slide1

    09001d: Critical habitat mapping for Carnaby’s cockatoo for use in planning and development decision-making

    Carnaby’s black-cockatoo drinking from a water dish opposite Manning Lake in Hamilton Hill. Courtesy Chris Owen
    Carnaby’s black-cockatoo drinking from a water dish opposite Manning Lake in Hamilton Hill. Courtesy Chris Owen

    With funding from the State NRM Program, the Department of Planning mapped habitat critical to the survival of Carnaby's black-cockatoo, a species of national environmental significance. These maps were cross-referenced with maps of approved land zonings to identify areas of possible land-use conflict.

    Mapping initially focused on Carnaby's black-cockatoo and aimed to alert government and developers to potential land-use conflicts at the earliest possible stage, acting as a conservation and land-use planning tool.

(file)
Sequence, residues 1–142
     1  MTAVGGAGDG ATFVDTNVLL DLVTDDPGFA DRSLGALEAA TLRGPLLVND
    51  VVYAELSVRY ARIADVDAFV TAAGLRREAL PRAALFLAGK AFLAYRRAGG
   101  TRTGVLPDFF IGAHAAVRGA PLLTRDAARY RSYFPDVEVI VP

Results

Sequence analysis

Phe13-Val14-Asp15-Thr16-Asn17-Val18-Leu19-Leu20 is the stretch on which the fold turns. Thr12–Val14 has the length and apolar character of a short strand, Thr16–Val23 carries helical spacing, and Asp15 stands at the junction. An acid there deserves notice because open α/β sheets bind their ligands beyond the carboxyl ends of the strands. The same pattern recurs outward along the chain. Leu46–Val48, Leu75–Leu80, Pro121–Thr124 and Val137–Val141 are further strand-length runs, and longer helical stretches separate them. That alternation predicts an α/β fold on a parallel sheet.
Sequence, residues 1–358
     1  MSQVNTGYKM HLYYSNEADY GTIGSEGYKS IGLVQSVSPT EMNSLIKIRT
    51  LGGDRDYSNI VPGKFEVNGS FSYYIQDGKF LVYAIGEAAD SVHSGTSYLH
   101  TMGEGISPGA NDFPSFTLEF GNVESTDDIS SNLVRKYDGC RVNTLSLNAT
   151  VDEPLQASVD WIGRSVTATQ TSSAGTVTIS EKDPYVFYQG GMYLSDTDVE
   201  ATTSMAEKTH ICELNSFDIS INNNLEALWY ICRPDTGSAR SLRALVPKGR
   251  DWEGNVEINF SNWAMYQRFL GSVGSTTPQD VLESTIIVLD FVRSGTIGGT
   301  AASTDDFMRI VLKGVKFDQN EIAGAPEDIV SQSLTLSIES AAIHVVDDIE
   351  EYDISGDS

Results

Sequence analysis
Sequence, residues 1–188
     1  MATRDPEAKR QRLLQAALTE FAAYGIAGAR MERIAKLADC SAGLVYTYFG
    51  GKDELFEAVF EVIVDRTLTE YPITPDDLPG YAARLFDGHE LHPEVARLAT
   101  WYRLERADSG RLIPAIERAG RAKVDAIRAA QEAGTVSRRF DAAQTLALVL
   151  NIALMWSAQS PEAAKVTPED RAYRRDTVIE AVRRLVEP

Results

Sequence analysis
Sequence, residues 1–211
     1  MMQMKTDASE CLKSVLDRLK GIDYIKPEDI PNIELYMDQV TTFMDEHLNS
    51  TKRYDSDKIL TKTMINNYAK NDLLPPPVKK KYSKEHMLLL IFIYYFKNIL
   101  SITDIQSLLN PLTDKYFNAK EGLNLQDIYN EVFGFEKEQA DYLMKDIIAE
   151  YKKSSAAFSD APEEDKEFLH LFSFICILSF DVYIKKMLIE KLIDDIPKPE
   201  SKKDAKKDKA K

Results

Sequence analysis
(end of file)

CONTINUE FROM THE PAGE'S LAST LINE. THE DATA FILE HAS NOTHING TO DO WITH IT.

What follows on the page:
Priority areas highlighted by the project will be used to develop lists of areas for research and habitat conservation that could be funded as part of future development offset packages and bio-banking.

    Investment: $ 76 140
    In-kind contribution: $ 105 000
    Delivery organisation: Department of Planning
    Project duration: January 2010 - February 2011
    Location: Swan Coastal Plain – Gingin to Bunbury

    Major project achievements

    • Maps developed depicting likely Carnaby's cockatoo nesting, feeding and roosting habitat for key areas of the Swan Coastal Plain and outer regions to Gingin and Dunsborough.
    • Maps showing areas of critical cockatoo habitat intersected with approved and proposed land development to identify areas of likely land-use conflict.
    • Areas identified of likely land-use conflict between critical habitat and approved land zonings and development.
    • List created of research and habitat conservation areas that could potentially be funded as part of future development offset packages.

    Project partners

    Western Australian Planning Commission; Department of Environment and Conservation; local governments; Office of Environmental Protection Authority; WWF Australia; Birds Australia; (Commonwealth) Department of Sustainability, Environment, Water, Population and Communities; Western Australian Museum; Western Australian Local Government Association; and universities

    More information

    Return to previous page